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Discussion in 'General breed discussions & FAQ' started by jeremy, Mar 2, 2011.
I stumbled across this post and wanted to update anyone who was interested. My CL died in March. I had a necropsy done and she had an enlarged oviduct, was an internal layer and her insides including lung area were full of yolks. She also had an enlarged liver as well as a disease where their bones grow too thick. I actually ran into someone who got a CL from the same batch and hers died in less than one year. I don’t blame the breeder, but want to warn people that the vet believes bad breeding could be part of the cause of her problems. Just do your research before buying.
The necropsy determined she did not have mycoplasma, but her issues were due to problems with her oviduct and being an internal layer.
Entries to Date for Fourth Annual Cream Legbar Club Online, Virtual Show
As of December 6, 2018:
Cream Legbars: 14 cockerels and 14 pullets
Golden Crele Legbars: 1 cock, 3 cockerels, and 2 pullets
White Legbars: 1 cockerel and 1 pullet
Your hens and cocks should be coming out of their annual molts and growing new feathers for the winter. Please get your pictures taken! The online show is open until December 22, 2018.
Happy Holidays to all from the Cream Legbar Club!
What age do legbar get the crest if they are going to?
You can see the start of crests on the pullets within 3 weeks of hatching. THe males take a little longer to discern.
OK thank you!!!
I had 4 cream legbars hatch this weekend. One definite pullet, the other 3 look like boys.
Can anyone give me any hope of 2 pairs?
Hello, I am looking into getting a cream legbar rooster and am wondering about temperament. I have a small child and have all ready had toget rid of an aggressive rooster. Does anyone have any input on this?
All breeds of chickens can be aggressive.
About 8 years ago I got some basque hens and everything I had read about them listed them as the friendly breed of chickens in the world. The first year I got two cockerels and one of them was the meanest cockerel I have worked with to date. I really wanted two cockerels to start my flock with but culled the mean one because his temperament was not what we wanted for the breed.
At the same time, we got some self Blue Breda Gueldre. That was about the time the movie Avatar came out and the hatchery that we offering them compared the Breda Fowl to Avatar and painted them as a fierce warrior type breed. We did NOT get fierce birds. They were the most gentle and easy to work with birds we have seen. We could run multiple cockerels in a flock with no problem with them fighting, they didn't run from us when we needed to catch them to trim toenails, vaccinate, worm, etc.
So...trying to stereotype chickens into one thing or another is not that helpful. Chickens are individuals and the way they interact with you has a lot to do with the way you interact with them. If you give them sufficient space and tame them up by taking them treats every time you make a trip to the coop, they will come running to you every time they see you and jump up in your lap and eat out of your hand. If they do not have adequate space and feel threatened and traped every time you open the coop door they are going to go crazy and flap away every time they see you. If they can't get away because they don't have enough space they are going to peck at you or flog you.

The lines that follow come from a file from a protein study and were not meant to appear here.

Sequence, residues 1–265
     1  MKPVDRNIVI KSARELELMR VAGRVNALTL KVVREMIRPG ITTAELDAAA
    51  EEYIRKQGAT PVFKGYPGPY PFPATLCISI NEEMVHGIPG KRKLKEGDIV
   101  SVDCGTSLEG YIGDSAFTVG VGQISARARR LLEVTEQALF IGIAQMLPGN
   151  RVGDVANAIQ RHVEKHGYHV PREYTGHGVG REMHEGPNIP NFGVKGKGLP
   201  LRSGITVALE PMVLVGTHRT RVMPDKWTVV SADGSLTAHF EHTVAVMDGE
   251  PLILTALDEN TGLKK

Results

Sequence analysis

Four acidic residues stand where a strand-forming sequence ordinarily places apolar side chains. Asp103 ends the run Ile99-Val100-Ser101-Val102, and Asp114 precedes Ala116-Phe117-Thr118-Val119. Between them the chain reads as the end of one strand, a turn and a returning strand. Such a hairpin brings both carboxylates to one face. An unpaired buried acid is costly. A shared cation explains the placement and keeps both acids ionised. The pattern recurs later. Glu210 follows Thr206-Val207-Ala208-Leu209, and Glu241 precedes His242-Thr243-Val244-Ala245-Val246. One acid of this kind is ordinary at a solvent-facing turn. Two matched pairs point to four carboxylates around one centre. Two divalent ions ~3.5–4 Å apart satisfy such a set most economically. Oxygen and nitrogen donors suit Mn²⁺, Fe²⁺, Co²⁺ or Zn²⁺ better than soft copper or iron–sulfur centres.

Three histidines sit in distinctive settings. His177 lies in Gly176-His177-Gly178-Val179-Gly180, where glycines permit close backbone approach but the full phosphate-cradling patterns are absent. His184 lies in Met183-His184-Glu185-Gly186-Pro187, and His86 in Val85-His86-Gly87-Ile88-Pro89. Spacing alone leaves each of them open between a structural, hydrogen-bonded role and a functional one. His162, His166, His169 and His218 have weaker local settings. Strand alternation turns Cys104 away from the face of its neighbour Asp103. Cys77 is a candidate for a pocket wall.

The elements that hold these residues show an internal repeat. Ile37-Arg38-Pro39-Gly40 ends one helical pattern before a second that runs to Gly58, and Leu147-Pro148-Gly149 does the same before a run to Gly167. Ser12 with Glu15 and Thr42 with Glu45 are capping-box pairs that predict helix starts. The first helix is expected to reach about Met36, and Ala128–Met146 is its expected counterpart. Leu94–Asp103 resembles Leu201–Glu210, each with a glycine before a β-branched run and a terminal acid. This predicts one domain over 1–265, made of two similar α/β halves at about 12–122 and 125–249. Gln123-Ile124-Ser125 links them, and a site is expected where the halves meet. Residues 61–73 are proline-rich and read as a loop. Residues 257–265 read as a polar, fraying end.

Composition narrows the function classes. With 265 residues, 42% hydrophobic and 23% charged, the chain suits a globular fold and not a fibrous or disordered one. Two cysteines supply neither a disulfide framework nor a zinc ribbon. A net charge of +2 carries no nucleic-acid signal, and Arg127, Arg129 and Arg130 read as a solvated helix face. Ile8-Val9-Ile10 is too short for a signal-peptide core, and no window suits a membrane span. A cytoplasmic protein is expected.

Temperament is more an individual thing than it is a breed thing but it does tend to pass from generation to generation to where if you breed a mean hen to a mean cockerel you are likely to have most of the offspring to take after their parents. Likewise, if you breed a sweet cockerel to a friendly hen most of the offspring also will tend to take after the parents.
If temperament is something that is important to you then you would best off to get your legbars from a breeder that works with small flocks and has a lot of interaction and handling of the birds. If they are treating them like pets and culling mean birds their legbars will probably be really gentle and well mannered. Hatcheries tend to just flock mate which means putting a few hundred birds in a single flock. They don't know who is mean and who is sweet and offspring from those type of flocks tend to be on the more aggressive side than a heritage bred family flock's offspring would be.
I personally had aggressive birds in my first with legbars but after I culled all the aggressive birds from the first year and made sure to not keep any of the offspring that were aggressive the flock tamed right up. I don't think I have seen an aggressive legbar only my property for 4-5 years now. Our 4 year old can collect eggs, catch the hens, pick up the hens and carry them around like a kitten, etc and we have no problem with our cockerels (or hens). Temperament is not a breed thing and it comes down to how the flock is breed and the individual bird. The legbar breed as a whole is mostly bred in small backyard flocks and is very gentle. It is best to visit the breeder and she how they manage their flock to make sure you aren't getting stock from agressive parent stock.